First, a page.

FROM Erin Cullerton
Venice Part of LA's vigorous architecture culture was the work of the maverick architects who made their mark in Venice in the 1970s and 80s – among them Fred Fisher, Frank Gehry, Stephen Ehrlich and Brian Murphy. These architects were exploring alternatives to stringent Modernism that differed from the post-modern experiments on the East Coast. Erin Cullerton says that an LA Conservancy tour of such buildings shows that the recent past is now history.
Shopping Locally for LA-Made Goods The design enthusiasts Marissa Gluck, Alissa Walker, Haily Zaki and Erin Cullerton together run de LaB , aka Design East of La Brea—a part-party, part-culture club that introduces Angelenos to LA contemporary design. Last week Frances caught up with them at their last event of 2011, a tour of LACMA's California Design: Living in a Modern Way 1930-1965 exhibition. Since their events have taken them all over the city for sneak peeks of products made by the region's designers, the four ladies each gave their picks for the best made-in-LA designs of the year. If you're still looking for presents this year, their selections would each make a perfect locally produced design-centric gift. The Dustbin by Brendan Ravenhill : This ingenious trash can not only keeps a dustpan and brush at-the-ready, all of its parts were manufactured in Los Angeles by companies ranging from a 60-year-old metal stamper to a brush maker who produces parts for the Mars Rovers. $220 at BrendanRavenhill.com California Design: Living in a Modern Way 1930-1965 designed by Michael Hodgson and Ph.D : The gorgeous catalogue for the definitive exhibition on California design includes hundreds of objects produced in the state during the midcentury modern movement. $60 at the LACMA Shop Rodarte by Laura and Kate Mulleavy, Catherine Opie and Alec Soth : This art-fashion photo book is a collaboration between the Mulleavy sisters, renowned Pasadena fashion designers, and photographers Opie and Soth. It features the Rodarte clothes against the California landscapes which inspired them. $80 at Hennessey + Ingalls toHOLD designed by Kara Bartelt : Part modern art, part terrarium, Bartelt's delicate pieces use succulents and airplants to create beautiful living sculptures that look right at home on a desk, a coffee table, even as a unique necklace. Starting at $8.50 at Etsy and other LA locations Design your own present at KnowHow Shop LA : Visit this Highland Park workshop with your own gift ideas and their skilled proprietors will help you navigate their fabrication wonderland filled with laser etchers and CNC milling machines to bring your creation to life. Contact for prices Geoff McFetridge's collection at Heath Ceramics : The Los Angeles designer and illustrator dabbles in clay for the first time with a limited-editon line of custom-painted dinnerware and accessories covered in McFetridge's signature doodles. Various prices at Heath Ceramics , 7525 Beverly Boulevard Top image: Kara Bartelt's toHOLD piece features an airplant inside a pink sea urchin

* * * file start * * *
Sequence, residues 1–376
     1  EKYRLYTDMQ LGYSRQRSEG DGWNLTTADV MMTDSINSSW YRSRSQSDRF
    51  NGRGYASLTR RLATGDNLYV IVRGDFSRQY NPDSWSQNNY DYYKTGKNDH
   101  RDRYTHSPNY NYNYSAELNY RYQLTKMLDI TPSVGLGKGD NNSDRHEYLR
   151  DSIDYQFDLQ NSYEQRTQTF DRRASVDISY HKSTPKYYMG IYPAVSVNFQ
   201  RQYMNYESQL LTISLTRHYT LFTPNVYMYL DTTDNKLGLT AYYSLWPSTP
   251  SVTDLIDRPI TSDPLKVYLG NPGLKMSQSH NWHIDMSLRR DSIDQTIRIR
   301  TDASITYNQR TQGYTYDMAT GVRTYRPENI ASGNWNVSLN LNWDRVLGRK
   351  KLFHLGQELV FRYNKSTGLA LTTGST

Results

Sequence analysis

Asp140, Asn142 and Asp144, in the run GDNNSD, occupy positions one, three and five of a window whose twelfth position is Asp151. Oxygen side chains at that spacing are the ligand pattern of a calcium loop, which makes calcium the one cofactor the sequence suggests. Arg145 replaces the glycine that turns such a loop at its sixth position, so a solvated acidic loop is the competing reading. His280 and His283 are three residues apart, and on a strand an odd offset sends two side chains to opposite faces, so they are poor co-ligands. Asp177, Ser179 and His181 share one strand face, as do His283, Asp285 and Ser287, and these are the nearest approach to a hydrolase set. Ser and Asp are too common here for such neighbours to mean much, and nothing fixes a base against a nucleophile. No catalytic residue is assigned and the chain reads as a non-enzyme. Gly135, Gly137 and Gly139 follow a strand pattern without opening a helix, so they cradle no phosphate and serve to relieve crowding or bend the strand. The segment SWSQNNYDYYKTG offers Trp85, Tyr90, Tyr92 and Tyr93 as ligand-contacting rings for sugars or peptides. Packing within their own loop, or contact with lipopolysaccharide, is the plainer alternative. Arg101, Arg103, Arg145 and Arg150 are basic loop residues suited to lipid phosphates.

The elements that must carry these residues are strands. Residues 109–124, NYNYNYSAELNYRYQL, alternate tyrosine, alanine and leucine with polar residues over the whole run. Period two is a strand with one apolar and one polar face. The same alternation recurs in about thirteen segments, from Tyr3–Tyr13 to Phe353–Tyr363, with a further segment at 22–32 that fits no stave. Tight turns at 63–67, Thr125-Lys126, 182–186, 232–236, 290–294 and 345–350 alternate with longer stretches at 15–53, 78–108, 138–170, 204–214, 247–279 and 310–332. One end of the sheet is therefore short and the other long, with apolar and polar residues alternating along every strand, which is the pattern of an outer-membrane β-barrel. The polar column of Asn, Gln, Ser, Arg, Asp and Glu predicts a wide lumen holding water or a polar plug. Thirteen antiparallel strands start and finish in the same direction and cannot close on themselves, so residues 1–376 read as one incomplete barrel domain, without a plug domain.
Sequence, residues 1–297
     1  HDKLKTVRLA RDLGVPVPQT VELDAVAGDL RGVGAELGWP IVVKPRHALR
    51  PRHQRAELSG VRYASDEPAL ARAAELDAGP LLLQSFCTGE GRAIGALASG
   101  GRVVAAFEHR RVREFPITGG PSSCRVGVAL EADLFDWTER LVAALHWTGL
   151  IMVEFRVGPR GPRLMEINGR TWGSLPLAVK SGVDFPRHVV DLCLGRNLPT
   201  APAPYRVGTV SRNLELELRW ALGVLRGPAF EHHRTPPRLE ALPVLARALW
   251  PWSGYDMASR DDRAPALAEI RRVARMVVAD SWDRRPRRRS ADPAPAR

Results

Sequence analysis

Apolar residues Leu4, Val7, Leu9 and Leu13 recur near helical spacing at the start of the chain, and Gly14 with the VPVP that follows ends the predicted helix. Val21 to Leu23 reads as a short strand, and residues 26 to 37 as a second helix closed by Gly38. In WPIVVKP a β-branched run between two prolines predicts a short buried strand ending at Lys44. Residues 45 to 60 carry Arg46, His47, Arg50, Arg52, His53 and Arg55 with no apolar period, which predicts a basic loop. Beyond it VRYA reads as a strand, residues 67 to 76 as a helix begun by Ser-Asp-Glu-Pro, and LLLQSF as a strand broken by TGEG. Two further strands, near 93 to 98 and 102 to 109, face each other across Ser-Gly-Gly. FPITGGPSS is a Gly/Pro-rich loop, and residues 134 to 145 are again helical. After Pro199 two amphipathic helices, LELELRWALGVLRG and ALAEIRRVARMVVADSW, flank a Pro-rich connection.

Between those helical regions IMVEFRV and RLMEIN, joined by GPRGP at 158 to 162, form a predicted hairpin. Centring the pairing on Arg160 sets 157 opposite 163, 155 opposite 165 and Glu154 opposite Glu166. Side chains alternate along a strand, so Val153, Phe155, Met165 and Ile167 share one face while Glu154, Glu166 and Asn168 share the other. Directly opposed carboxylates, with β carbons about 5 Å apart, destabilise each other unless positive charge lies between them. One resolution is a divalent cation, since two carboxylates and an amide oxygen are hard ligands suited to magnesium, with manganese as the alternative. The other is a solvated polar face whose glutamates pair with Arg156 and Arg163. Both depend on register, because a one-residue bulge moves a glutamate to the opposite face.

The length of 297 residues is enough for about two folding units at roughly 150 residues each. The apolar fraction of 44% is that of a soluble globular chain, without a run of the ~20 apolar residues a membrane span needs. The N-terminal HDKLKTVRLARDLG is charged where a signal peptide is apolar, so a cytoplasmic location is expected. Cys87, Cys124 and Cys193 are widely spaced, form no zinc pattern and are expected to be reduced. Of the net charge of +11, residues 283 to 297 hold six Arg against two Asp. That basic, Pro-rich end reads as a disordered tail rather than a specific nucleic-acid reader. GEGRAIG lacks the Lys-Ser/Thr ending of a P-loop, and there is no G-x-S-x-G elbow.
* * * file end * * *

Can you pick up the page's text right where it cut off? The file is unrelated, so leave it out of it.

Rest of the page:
Shaking up the USDA, 'The Beef Cookbook' and 'Tartine All Day' Peggy Lowe explains why Trump’s pick for USDA Secretary is rattling rural America. Dario Cecchini talks future plans for Chianti ramen, and Richard Turner shares cuts from “PRIME: The Beef Cookbook.” Writer Matthew Sedacca looks at the controversy behind liquid smoke. Jonathan Gold tries Chengdu-style dishes, and Elisabeth Prueitt of Tartine fills us in on the latest. Plus, chef Michael Beckman shares a recipe for cactus confit.
George Saunders: Lincoln in the Bardo (Part I) Lincoln in the Bardo dramatizes a grieving President Lincoln as he visits the grave of his beloved son Willie, who died at age eleven. In the novel, the buried dead believe they're not dead -- "they're sick and refer to their coffins as "sick boxes."
How do Trump supporters feel about the Paris Accord? Globally and around the U.S., there are strong opinions whether or not the Paris Climate Accord is a good idea. The American exit is either a horrifying abdication of American leadership or a forceful and long overdue statement about U.S. sovereignty.
Revisiting showrunner Steven Bochco on his memoir Steven Bochco, the writer-producer behind record-breaking Emmy winners Hill Street Blues, LA Law and NYPD Blue, fought battles with everyone from out-of-control actors to network censors in his long career. He isn’t afraid to tell those tales in his memoir, Truth Is a Total Defense. This week we revisit the conversation where he shared some of his favorite stories with us.